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Northwest Voices

Seattle Times letters to the editor

August 30, 2013 at 7:22 AM

U.S. involvement in Syria

An internal matter

Palestinians hold Syrian and Palestinian flags during a march in support of the Syrian regime in the West Bank city of Nablus, Thursday, Aug. 29, 2013. Syrian President Bashar Assad said Thursday that his country "will defend itself against any aggression," signaling defiance to mounting Western warnings of a possible punitive strike over a suspected poison gas attack blamed on his regime. [AP Photo/Nasser Ishtayeh]

Palestinians hold Syrian and Palestinian flags during a march in support of the Syrian regime in the West Bank city of Nablus, Thursday, Aug. 29, 2013. Syrian President Bashar Assad said Thursday that his country “will defend itself against any aggression,” signaling defiance to mounting Western warnings of a possible punitive strike over a suspected poison gas attack blamed on his regime. [AP Photo/Nasser Ishtayeh]

I could not have said it better myself: “Let others punish Syria.” [“Editorial: Let others punish Syria,” Opinion, Aug. 29.]

Your view is cogent and compelling.

Events in Syria are repugnant and horrific. But it’s an internal matter, and none of our business. I am sorry, I am appalled, but I’m not interested in a U.S. intervention.

A military “shot across the bow” would have no strategic value that I can see. If you think it does, then ask, “What’s next?”

A foreign policy based on our cruise-missile capability is doomed to fail.

Look at Iraq. We obliterated their military and hung Saddam. Are Iraqis better off? I don’t think so.

House Speaker John Boehner is right on this one — get Congress involved.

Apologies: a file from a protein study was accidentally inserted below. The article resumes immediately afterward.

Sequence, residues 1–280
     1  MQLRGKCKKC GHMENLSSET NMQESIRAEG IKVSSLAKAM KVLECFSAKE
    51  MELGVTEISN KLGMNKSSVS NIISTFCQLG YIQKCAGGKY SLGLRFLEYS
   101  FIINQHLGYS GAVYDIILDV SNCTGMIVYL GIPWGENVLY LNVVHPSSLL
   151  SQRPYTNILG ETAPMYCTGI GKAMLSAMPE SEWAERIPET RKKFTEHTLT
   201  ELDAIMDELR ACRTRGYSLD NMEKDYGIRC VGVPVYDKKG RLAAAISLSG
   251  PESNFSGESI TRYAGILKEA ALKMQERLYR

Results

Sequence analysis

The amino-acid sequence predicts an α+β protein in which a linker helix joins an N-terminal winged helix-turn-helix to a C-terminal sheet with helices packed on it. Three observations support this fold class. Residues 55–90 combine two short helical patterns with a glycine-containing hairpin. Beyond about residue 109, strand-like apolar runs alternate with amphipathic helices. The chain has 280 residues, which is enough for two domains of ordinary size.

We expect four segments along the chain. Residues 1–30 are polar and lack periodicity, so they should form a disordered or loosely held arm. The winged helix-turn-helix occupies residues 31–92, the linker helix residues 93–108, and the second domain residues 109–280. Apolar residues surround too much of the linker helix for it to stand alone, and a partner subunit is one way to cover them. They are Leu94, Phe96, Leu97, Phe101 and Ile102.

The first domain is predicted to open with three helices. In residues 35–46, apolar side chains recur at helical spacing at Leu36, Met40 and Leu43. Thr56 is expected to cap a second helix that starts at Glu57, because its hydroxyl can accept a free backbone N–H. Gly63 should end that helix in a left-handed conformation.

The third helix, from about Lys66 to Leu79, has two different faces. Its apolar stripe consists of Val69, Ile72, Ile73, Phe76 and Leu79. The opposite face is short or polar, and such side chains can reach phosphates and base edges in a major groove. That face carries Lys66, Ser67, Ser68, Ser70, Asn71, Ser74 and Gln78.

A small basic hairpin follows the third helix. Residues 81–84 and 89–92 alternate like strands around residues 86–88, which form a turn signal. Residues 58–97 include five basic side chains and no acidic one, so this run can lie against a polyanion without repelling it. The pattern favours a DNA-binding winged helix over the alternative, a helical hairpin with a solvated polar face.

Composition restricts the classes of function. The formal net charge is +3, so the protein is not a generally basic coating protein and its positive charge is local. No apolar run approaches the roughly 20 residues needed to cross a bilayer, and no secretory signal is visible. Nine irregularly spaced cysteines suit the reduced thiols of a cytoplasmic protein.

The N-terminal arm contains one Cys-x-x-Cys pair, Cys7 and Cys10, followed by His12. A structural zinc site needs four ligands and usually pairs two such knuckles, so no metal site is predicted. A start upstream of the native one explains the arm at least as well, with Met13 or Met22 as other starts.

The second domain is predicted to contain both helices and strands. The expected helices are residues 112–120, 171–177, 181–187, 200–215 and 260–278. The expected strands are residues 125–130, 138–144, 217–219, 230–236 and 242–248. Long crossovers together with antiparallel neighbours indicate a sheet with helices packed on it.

Clark Douglas, Mount Vernon

U.S. involvement a terrible idea

A peace campaigner holds up a sign outside Parliament on August 29 n London, England. Prime Minister David Cameron has recalled Parliament to debate the UK's response to a suspected chemical weapon attack in Syria.   [Peter Macdiarmid/Getty Images]

A peace campaigner holds up a sign outside Parliament on August 29 in London, England. Prime Minister David Cameron recalled Parliament to debate the UK’s response to a suspected chemical weapon attack in Syria. [Peter Macdiarmid/Getty Images]

President Barack Obama should not carry out any military strike against Syria. He should certainly not do so without congressional approval.

As Vice President Joe Biden noted several years ago as a senator, the president has no constitutional authority to take military action against a nation that does not pose any current or imminent danger to the U.S. Citing his expertise in constitutional law, Biden threatened to seek to impeach President Bush if he proceeded with military action in the Middle East without congressional approval. His arguments are still valid today.

Any military action against the Syrian government only aids al-Qaida, who are a factor in the rebel force and who, if the rebellion succeeds, could have great influence in any successor government.

There is no benefit to U.S. interests in starting yet another war in the Middle East, and all sorts of serious detriments.

Christopher Hodgkin, Friday Harbor

Comments | More in Foreign policy, military, Politics | Topics: middle east, military, syria

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